* 4 Common Bench, 172.

† 15 Johnson, 401.
| 7 Adolphus & Ellis, 167.

4 Day, 257.
ll 6 Munning & Granger, 918, 924.
| Seventh edition, vol. 1st, note to The Six Carpenters' Case.

Argument for the distiller.

form to recover his property, and to have encountered a refusal; and, without deciding whether he has a remedy in trover or replevin, it is clear on the authorities that the present action will not lie.

Mr. M. W. Cooke, contra:

The case shows a trespass. The defendant, without process, seized, took, and carried away plaintiff's property. The cases cited on the other side, save one, were for acts of officers proceeding upon execution or process of the court. In Gardner v. Campbell, the defendant took the plaintiff's goods under and by virtue of an execution, and it was decided, simply, that replevin would not lie. This case has no bearing except to show that plaintiff herein could not have replevied the goods if the position of plaintiff in error is correct.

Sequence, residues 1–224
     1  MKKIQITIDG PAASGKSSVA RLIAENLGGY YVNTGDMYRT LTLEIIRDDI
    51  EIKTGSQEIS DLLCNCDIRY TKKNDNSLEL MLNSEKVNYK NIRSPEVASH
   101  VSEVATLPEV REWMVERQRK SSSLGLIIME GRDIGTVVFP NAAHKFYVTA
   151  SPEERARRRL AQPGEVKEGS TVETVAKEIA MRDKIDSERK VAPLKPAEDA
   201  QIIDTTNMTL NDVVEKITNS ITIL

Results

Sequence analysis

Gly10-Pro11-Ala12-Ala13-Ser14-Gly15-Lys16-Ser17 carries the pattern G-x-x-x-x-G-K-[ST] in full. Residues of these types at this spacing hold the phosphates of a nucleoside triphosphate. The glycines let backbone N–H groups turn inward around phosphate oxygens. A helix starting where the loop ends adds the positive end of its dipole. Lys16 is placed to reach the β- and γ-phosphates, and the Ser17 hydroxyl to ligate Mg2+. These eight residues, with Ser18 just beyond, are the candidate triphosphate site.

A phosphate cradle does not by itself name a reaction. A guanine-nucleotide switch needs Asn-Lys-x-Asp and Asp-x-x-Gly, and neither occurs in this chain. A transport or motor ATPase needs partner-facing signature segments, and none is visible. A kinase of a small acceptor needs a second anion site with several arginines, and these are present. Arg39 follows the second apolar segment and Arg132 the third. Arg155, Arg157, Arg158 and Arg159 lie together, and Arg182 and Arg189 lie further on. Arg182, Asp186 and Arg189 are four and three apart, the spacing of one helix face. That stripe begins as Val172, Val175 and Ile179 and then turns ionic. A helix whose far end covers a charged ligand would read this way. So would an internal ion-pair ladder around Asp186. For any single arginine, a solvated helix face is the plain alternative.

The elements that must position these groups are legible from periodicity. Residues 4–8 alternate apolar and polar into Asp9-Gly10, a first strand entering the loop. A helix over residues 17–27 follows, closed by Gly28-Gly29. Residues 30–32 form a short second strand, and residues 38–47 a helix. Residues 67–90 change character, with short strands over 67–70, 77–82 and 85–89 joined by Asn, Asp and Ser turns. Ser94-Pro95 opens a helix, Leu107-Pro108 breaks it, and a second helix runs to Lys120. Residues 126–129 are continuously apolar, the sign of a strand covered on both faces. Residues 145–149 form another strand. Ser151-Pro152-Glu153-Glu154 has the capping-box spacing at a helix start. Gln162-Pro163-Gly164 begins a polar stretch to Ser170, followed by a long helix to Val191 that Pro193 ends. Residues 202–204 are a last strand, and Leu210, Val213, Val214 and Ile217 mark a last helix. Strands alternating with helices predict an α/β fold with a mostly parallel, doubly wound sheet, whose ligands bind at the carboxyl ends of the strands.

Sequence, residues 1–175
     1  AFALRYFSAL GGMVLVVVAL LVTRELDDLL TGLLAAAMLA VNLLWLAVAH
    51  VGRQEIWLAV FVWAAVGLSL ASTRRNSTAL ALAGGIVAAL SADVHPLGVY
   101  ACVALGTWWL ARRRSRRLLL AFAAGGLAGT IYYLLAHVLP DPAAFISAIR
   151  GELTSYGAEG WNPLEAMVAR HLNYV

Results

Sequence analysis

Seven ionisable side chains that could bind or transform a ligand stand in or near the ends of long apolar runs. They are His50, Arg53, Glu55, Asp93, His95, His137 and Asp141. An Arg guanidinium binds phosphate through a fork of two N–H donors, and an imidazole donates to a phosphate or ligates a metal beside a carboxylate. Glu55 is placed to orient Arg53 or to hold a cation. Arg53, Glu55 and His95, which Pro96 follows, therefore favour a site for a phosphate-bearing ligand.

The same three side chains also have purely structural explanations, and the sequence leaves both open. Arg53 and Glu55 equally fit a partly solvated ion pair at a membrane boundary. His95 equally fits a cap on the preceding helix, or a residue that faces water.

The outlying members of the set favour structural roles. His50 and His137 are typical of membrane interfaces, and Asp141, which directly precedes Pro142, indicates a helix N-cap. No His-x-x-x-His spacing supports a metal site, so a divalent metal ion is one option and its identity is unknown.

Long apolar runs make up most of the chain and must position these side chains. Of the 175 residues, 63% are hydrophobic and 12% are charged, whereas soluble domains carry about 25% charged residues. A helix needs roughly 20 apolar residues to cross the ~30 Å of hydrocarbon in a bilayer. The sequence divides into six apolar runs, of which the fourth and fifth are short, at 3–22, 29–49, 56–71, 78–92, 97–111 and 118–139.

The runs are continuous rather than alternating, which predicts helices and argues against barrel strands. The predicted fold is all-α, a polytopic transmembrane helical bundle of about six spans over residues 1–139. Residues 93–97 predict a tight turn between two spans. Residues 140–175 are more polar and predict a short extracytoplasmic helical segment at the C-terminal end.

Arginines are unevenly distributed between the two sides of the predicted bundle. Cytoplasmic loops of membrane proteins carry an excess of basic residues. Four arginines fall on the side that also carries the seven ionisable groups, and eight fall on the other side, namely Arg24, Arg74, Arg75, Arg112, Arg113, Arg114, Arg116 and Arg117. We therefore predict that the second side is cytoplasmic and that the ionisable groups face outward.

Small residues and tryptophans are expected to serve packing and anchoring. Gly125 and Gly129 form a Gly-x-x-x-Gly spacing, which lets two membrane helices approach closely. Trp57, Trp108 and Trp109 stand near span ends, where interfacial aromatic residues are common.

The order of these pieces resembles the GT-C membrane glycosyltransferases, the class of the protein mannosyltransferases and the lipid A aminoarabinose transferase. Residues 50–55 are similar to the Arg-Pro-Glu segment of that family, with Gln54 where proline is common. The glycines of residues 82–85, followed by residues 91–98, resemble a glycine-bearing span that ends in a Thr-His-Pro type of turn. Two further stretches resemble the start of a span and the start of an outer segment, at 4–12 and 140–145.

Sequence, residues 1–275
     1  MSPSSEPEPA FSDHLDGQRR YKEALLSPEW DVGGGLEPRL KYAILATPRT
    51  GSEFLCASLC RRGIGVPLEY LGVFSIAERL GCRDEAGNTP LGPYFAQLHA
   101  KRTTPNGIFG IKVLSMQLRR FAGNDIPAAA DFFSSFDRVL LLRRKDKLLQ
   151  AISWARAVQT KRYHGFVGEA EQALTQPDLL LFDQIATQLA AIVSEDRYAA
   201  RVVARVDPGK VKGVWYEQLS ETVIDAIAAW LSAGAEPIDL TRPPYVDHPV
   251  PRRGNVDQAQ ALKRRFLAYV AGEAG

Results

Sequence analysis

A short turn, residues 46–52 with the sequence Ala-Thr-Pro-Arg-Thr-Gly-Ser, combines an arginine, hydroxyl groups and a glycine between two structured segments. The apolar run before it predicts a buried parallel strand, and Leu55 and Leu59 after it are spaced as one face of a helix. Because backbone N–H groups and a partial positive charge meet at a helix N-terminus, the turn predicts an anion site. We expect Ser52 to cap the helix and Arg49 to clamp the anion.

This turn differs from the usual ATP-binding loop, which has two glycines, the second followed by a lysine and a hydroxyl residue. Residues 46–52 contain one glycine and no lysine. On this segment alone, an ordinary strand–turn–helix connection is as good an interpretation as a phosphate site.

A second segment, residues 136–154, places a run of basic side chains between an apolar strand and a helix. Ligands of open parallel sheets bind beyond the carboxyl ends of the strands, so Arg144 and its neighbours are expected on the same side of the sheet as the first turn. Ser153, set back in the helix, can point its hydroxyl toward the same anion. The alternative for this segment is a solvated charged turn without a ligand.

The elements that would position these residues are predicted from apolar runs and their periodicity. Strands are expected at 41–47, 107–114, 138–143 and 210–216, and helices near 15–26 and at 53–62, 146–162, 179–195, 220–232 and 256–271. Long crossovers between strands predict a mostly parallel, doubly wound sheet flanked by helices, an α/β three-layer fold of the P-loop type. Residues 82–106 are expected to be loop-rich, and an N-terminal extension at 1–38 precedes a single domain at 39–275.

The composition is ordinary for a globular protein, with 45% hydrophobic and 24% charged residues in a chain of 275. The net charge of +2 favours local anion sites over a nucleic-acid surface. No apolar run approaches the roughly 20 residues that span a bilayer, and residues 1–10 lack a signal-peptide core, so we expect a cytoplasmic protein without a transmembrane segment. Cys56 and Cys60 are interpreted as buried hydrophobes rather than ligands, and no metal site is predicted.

In Smith v. Egginton, and Waterbury v. Lockwood, the defendant, an officer, was acting under process of the court directing the seizure of the goods of defendant named in the process. The court seized them. The case of Jacobsohn v. Blake, so far as it has any bearing, is against the position claimed. The officer there did not seize the goods, and it was upon this ground that the judges decided the case. Tindal, C.J., says:

“In order to maintain such an action (trespass) there must have been an actual seizure of plaintiff's goods."

The goods were simply examined and returned. In the suit at bar they were seized, carried away, and never returned.

The property, when the collector seized it, was put into a warehouse not owued by himself. The marshal attached the property, and gave the proper notices; but he did not remove the property from the warehouse where it was de. posited by the collector's order; and, so far as appears from the special verdict, he did not in any way interfere with the possession of it by the warehouseman, as the bailee of the collector.

Argument for the distiller.